Short-Term Projects

The Let's Help Kate Project
Our dear friend and colleague Kate Navichas is looking into feminist writing assignment for her dissertation. How can our new-found knowledge of archives help her organize her data? How would be design our feminist assignment archive that would be most useful to Kate in her research and for other feminist teachers who are looking for new and innovative assignments? In this week's readings, Kate Theimer emphasized the importance of context within archives; how then can our archive for (our) Kate address the issue of context, multiple femminisms, and the multiple authors who created these assignments?

Archives in WRT 205
Last semester, Jana (sorry to call you out) did a great job incorporating archival work in her WRT 105 class. We were all very much impressed. Can we follow in Jana's foot steps and incorporate archival work into the 205 curriculum? Could asking the students in class build an archive help teach them about academic research? What would be an appropriate thing to have them archive? How could archiving fit in well with the course goals, set by the Writing Department, for WRT 205?

Long Term Projects

Reading Digital Archives
When engaging with a digital archive, do some search terms and some search methods privilege some texts, media, design schemes more than others? When do people and don't people read when they use a digital archive? Do some design schemes encourage people to spend more time reading a text within an archive more than others? Do some design schemes encourage people to read a larger number or texts stored within the archive? How do we lead people to the most important information? What corners of the archive are most likely to go unexplored and why? This long term study would attempt to answer these questions, yielding better, more efficient, and more ethical digital archives.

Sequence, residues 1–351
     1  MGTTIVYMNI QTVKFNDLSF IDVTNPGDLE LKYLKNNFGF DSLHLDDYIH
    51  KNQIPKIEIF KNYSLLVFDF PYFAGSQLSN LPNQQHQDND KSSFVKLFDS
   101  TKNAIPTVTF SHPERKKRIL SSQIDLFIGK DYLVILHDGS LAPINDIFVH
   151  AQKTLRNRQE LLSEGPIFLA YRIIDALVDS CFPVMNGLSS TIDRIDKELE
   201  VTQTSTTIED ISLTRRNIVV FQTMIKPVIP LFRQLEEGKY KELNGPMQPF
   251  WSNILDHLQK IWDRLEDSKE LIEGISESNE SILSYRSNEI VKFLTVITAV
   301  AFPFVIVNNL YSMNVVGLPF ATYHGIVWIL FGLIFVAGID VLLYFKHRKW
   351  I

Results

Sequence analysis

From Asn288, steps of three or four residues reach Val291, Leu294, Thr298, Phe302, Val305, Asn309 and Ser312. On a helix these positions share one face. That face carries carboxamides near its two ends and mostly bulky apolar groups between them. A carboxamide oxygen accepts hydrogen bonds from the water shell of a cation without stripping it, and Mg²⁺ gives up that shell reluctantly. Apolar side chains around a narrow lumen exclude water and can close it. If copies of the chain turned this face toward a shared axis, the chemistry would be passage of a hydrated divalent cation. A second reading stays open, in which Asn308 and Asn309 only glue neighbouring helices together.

Archives and the Limits of Language
In my opinion, the most persuasive arguments for the use of multimodal is that images, audio, and written language working with one another can help writers get closer to articulating the thing in and of itself that they're trying to write about. Words alone cannot encompass the totality of emotion. Though didital archives can connect us with non-written and/or multimodal texts, we're still very much dependent on using alphabetic language for search and navigating digital archives. What would it look like to use an image --rather than a word-- to search for similar image, alphabetic texts about the image, or audio clips that express similar feelings? This long term project would explore why and how people would want to use images or audio clip for searching digital archives, how to develop the software to search with images or sounds, and how the results of such searches are being used.